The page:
Hack Your Brain with Exercise
Want to smile big? Get in a workout
Every gym-goer knows and loves that post-workout feeling: You feel strong, confident, and energetic. You feel accomplished and ready to tackle your other responsibilities. You feel happy.
That post-workout feeling is a big reason why so many people can’t quit exercise. They first chase the physical health benefits, such as boosted immunity and stronger muscles, and wind up staying for the mental health benefits. (We all know someone who gets cranky when they miss too many workouts).
Turns out, the connection between exercise and happiness has been well studied by scientists. Here are six ways a workout can make you happier.
Exercise actually changes your brain
Your mind gets a workout while your body does.
While you’re working out your body, you’re working out your brain, too. Exercise increases something called “brain plasticity,” which is your brain’s ability to make new connections or rewire old ones.
In animals, exercise even creates new brain cells. While more research is needed to confirm those effects in humans, it wouldn’t be surprising to see future studies replicate these results in people, since exercise creates the perfect environment for your brain to grow: During exercise, your heart pumps more oxygen- and nutrient-rich blood to your brain and promotes the production of important hormones.
Exercise boosts endorphins
The storied and coveted runner’s high is real. Exercise seems to have an effect on your “happy hormones” serotonin and dopamine, as well as the opioid receptors in your brain. In other words, exercise acts like a drug. Just one workout may boost something called endocannabinoids, chemical compounds (yes, like those found in CBD) that can improve your mood.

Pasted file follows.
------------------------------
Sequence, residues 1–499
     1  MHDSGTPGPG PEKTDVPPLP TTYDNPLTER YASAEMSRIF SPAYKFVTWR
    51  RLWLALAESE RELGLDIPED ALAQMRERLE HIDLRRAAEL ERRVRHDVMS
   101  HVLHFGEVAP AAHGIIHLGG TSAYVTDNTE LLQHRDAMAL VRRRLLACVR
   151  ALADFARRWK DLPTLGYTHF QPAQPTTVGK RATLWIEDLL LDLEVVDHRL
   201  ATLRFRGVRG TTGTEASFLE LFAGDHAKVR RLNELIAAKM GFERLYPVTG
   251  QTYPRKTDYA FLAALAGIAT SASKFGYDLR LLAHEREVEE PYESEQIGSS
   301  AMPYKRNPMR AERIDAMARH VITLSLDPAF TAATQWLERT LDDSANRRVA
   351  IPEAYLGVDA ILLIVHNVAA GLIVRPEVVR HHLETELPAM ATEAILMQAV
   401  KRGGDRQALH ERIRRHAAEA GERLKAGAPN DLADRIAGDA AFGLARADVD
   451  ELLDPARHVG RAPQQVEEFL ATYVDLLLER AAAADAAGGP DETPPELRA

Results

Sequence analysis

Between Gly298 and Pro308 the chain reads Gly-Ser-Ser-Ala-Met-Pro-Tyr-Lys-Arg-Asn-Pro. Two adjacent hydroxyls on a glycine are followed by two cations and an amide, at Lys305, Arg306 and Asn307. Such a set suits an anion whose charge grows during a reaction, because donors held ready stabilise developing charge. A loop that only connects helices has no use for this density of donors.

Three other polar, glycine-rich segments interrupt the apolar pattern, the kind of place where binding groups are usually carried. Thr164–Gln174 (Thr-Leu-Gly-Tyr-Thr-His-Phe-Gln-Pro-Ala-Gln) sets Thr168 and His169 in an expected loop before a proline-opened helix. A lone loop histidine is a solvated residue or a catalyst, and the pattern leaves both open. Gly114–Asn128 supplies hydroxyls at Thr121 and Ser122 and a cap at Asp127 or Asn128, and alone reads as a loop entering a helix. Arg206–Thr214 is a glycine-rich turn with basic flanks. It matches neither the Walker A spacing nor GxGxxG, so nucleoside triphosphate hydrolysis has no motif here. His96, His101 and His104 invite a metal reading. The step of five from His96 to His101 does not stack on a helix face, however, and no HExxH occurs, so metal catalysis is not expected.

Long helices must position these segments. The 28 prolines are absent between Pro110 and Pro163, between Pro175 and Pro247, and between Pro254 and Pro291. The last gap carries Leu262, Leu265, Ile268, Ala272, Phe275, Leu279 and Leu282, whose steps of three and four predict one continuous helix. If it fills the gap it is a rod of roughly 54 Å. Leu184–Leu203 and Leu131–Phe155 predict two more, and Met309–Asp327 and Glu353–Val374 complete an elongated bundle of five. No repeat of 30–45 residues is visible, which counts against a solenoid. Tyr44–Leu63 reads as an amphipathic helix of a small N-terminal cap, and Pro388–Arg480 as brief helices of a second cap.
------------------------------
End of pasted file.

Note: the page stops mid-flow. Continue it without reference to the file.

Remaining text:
Exercise relieves stress, anxiety, and depression
Working out can bring a smile to your face.
If you’re feeling stressed or sad, try hitting the gym. Exercise is considered an effective therapy for mild depression, stress, and anxiety, likely because of all the mood-boosting properties described above. Just a little exercise can help a lot if you’re experiencing low moods.
Exercise can help you sleep
We all know tonight’s sleep is critical for tomorrow’s happiness. Working out may improve your sleep quality and duration (read: better sleep for more hours), which is reason enough for any restless sleeper to jump on the exercise train. Even patients with insomnia have reported better sleep after exercising.
Exercise improves focus and productivity
Exercise helps you focus.
Who isn’t happier when they feel accomplished? Studies show that exercise can improve your attention span and improve “cognitive flexibility,” or your ability to switch from task to task while retaining strong focus. High-intensity exercise in particular has been linked to quicker information processing times—get in your workout and then fly through that to-do list.
Exercise can boost your energy levels
Everyone’s happier when they’re energetic. Here’s some good news: Exercise may reduce feelings of fatigue by up to 65 percent.
To wrap up, exercise can make you happier by enhancing your sleep, relieving stress and anxiety, increasing your energy and productivity levels, giving you an endorphin high, and literally changing your brain for the better. Not convinced? Try it for yourself at a World Gym near you.